It may be a little late to mention this because we are currently in a deep freeze, but December 21st marked the first official day of the winter season. With this seasonal transition comes the potential for sub-freezing temperatures that can damage or even kill otherwise healthy grass.
As a homeowner, you can protect your lawn from such damage by “winterizing” it. So, if you want to your lawn to survive winter, consider the following tips on how to winterize it.
Use a Winterizing Fertilizer
Not all fertilizer is made equal. Some fertilizers are actually designed specifically for the winter season. Known as winterizing fertilizer, it contains a higher than usual concentration of potassium. Potassium, of course, is essential to the health of grass and plants.
Among other things, it works to strengthen the cells, protecting the grass or plant from frost damage. Furthermore, potassium allows grass and plants to absorb more nutrients, which can also protect them from winter-related damage.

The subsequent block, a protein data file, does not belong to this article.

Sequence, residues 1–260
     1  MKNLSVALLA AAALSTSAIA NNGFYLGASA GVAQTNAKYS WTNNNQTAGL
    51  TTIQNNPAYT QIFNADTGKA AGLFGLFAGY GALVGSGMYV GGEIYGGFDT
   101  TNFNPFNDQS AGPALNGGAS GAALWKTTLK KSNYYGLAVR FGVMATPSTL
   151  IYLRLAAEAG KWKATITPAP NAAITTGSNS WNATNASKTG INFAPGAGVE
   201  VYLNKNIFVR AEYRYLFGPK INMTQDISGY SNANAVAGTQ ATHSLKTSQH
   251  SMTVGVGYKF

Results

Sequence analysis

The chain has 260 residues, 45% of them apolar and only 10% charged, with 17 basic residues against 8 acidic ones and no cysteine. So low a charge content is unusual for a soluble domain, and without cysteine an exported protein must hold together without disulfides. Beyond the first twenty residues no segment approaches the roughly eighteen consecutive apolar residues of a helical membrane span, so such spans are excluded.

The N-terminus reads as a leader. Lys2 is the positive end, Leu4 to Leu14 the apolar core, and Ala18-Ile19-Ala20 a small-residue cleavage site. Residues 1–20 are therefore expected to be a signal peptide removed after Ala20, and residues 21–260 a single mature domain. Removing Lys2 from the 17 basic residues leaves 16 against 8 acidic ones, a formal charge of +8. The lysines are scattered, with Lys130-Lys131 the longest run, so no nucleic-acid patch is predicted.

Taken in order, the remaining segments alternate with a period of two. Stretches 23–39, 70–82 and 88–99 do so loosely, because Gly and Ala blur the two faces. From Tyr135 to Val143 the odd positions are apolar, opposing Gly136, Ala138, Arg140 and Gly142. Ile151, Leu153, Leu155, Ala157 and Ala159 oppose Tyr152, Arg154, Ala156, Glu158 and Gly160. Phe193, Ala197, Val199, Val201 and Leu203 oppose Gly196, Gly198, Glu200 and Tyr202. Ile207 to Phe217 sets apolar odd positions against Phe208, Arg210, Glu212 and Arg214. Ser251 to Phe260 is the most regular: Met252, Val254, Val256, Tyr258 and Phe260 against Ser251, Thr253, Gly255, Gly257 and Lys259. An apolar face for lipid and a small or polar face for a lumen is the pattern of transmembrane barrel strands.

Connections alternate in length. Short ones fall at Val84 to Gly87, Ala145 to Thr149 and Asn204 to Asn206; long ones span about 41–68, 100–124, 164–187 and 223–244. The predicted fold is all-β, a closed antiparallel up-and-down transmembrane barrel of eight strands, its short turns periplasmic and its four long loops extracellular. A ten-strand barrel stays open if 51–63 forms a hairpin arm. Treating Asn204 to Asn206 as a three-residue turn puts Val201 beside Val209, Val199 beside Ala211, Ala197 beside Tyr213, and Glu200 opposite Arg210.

Just because it’s winter doesn’t necessarily mean that you can stop watering your lawn. While water requirements for grass are less during winter than in summer, your lawn still needs water to survive.
During winter you should water deep to encourage deeper roots. Some homeowners make the mistake of watering shallow, meaning the water doesn’t penetrate deep into the soil. When this occurs, roots remain close to the surface where they are easily damaged from the winter temperatures.
Beware of Winter Grass Diseases
There are numerous diseases that affect grasses in winter. Whether your lawn features Burmuda, Buffalograss or St. Augustine, you should monitor your lawn for signs of disease.
While different diseases affect grasses in different ways, some tell-tale signs of a diseased lawn include browning, white spots and the appearance of powder. If you believe your lawn is diseased, take a sample and have it analyzed.
Raise Mower Height
Don’t make the mistake of mowing your lawn too close to the ground. Some homeowners use the lowest blade setting possible, believing this will reduce the frequency of which their lawn needs mowing.
While true, mowing with a low blade also stresses the lawn. Combined with the stress of winter temperatures, this can severely damage your lawn. So, raise your mower blade until spring, at which point you can lower it back down.
Hopefully, this gives you a better idea of how to winterize your lawn. By following the tips outlined here, you’ll promote a healthier lawn while reducing the risk of winter-related damage.
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